Record Number of Suicides in the U.S. in 2020, with Men Accounting for Majority of Fatalities
According to government data released by the Centers for Disease Control and Prevention (CDC), suicides in the United States reached a recor...
Record High Suicides in the United States
According to government data released by the Centers for Disease Control and Prevention (CDC), suicides in the United States reached a record high of 49,500 last year. This marks a 3% increase from the previous year, with more than 1,000 additional deaths. The suicide rate is now higher than it has been since the start of World War II.
Increase in Suicides and Gender Disparities
According to provisional data based on U.S. death certificates, the number of suicides increased in 2022 compared to the previous year. Men accounted for a significantly higher number of suicides, nearly four times more than women. In 2022, 39,255 men took their own lives, while 10,194 women did the same. These figures represent a slight increase from 2021 when suicides rose by 4%, with 38,358 men and 9,825 women taking their own lives. It is important to note that the data is provisional and subject to slight changes before it is finalized.
High Suicide Rate Among White Men
According to the Centers for Disease Control and Prevention (CDC), white men have the highest suicide rate among male racial groups, with approximately 50 suicides per 100,000 men. This highlights an ongoing crisis of male suicidality that has been recognized for years. Academics suggest that risk factors for men include loneliness, social alienation, and a weakened sense of meaning or purpose in life. These factors can be influenced by difficult events such as job loss or the breakdown of a man's nuclear family, such as through divorce.
Suicide Rates by Race and Age Group
According to recent data, white people accounted for approximately 75% of all suicides in the United States last year, with over 37,000 deaths. This percentage aligns with the fact that white Americans make up around 75% of the country's population, as per the most recent U.S. Census data. However, it is important to note that Native Americans have historically had the highest suicide rate, with approximately 28 deaths per 100,000 people, based on older data from 2021. Following Native Americans, white people had the next highest suicide rate, with around 17 deaths per 100,000 people.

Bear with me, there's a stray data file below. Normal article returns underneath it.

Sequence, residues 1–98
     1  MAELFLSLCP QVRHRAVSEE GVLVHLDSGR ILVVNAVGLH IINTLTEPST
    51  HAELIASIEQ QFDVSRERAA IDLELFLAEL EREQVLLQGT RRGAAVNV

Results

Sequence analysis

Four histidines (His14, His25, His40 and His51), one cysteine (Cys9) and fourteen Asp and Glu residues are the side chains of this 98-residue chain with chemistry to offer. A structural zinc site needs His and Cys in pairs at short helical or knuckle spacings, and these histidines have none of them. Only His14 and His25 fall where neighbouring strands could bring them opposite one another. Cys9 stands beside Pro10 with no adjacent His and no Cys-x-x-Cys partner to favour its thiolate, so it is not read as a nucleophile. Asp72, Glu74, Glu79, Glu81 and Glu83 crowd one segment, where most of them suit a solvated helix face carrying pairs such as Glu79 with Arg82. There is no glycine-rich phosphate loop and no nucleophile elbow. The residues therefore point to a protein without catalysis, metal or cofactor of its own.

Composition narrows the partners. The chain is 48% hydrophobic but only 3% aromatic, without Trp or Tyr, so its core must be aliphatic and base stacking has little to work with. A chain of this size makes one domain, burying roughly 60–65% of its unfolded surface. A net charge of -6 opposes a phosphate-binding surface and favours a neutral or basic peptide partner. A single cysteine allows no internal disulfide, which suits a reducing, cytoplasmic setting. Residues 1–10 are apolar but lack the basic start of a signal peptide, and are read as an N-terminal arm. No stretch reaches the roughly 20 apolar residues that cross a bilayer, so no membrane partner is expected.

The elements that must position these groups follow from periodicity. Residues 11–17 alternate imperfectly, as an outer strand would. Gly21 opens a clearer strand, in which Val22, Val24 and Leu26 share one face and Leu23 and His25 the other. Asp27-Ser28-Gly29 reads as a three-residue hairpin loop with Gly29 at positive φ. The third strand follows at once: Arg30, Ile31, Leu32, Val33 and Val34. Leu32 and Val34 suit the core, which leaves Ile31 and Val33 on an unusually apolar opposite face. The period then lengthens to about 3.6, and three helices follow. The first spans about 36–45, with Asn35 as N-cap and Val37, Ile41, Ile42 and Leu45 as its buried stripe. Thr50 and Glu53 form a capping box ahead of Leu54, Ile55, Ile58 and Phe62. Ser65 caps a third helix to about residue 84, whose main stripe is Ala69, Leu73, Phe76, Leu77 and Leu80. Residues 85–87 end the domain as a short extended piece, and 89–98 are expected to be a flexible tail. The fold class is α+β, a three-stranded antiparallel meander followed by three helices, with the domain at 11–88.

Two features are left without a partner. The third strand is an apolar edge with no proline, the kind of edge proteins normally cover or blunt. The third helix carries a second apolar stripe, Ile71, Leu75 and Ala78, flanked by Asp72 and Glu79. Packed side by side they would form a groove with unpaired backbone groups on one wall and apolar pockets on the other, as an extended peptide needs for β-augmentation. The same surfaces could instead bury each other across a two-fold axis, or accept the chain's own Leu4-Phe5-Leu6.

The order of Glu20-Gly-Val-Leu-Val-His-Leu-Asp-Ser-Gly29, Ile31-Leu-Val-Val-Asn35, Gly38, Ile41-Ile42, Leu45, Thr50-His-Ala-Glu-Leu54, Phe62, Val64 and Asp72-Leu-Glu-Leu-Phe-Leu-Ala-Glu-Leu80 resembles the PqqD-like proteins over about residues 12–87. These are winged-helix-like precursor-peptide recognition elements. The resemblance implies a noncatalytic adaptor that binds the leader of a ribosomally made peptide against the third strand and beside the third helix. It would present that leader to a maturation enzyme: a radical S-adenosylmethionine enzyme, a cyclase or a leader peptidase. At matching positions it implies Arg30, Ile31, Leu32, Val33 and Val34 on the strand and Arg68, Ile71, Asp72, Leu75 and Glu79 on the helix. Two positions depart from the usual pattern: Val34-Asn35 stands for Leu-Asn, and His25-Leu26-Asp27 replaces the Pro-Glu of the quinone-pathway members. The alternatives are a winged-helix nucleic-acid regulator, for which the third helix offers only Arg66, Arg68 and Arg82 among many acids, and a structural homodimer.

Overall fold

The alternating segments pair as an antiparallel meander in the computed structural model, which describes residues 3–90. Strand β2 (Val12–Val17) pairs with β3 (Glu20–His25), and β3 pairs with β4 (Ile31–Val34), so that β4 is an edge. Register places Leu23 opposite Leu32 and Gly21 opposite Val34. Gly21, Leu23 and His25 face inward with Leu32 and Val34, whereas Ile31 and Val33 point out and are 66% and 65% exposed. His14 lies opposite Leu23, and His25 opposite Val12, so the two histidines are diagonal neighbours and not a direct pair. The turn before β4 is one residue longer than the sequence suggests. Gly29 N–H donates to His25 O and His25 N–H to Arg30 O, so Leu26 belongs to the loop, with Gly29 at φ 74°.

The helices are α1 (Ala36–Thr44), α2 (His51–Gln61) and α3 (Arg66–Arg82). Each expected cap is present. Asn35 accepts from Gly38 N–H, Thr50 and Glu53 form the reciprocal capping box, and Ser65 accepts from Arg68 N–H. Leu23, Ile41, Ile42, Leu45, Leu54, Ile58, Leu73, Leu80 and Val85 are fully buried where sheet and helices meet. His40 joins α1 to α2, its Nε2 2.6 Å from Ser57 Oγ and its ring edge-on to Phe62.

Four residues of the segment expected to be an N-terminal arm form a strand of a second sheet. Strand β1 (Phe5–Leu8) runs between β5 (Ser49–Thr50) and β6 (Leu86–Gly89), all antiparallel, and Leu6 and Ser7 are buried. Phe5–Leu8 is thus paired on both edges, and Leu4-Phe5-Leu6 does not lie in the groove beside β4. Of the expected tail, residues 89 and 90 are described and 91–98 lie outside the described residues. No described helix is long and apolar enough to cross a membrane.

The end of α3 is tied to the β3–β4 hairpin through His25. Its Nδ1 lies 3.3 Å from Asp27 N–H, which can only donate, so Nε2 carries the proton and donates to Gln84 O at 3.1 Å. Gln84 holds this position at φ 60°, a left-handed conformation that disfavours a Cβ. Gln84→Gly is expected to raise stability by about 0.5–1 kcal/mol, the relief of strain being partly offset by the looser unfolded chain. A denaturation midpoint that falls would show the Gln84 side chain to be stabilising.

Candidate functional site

According to recent data, there has been a significant increase in suicides among older adults aged 45 to 64, with nearly 1,000 more suicides reported last year. The total number of deaths in this age group reached over 15,000. However, when comparing different age groups, men aged 75 and older had the highest suicide rate, with 42 suicides per 100,000 men. On a positive note, youth suicides decreased by more than 8% last year, but still accounted for around 6,500 suicides among individuals aged 10 to 24.
Impact of the COVID-19 Pandemic
The COVID-19 pandemic has had a significant impact on the mental health of children and young adults, leading to an increase in suicide rates. The closure of schools and the resulting isolation and difficulties with remote learning have contributed to this rise. While historically, male youths have been more likely to die by suicide, teenage girls have shown higher rates of suicide attempts. In 2021, around one-third of high school girls in the United States reported seriously considering suicide, according to data from the Centers for Disease Control and Prevention (CDC). It is worth noting that the early 2010s saw a spike in rates of depression, anxiety, and self-harm among teenage girls, coinciding with the widespread use of social media.
Suicide as a Significant Cause of Death
According to the CDC, suicide continues to be a significant cause of death in the United States. The number of suicides has been increasing since the early 2000s, with a slight decrease in 2019. However, the trend reversed in 2021, with suicides spiking again, likely due to the challenges posed by the ongoing pandemic.
Impact of the COVID-19 Pandemic on Drug Addiction and Homelessness
The COVID-19 pandemic has led to an increase in drug addiction and homelessness in certain areas. In the United States, approximately 106,700 people died from drug overdoses in 2021, as reported by the CDC. Additionally, major cities like New York, Los Angeles, and San Francisco have seen a rise in homelessness since the start of the pandemic.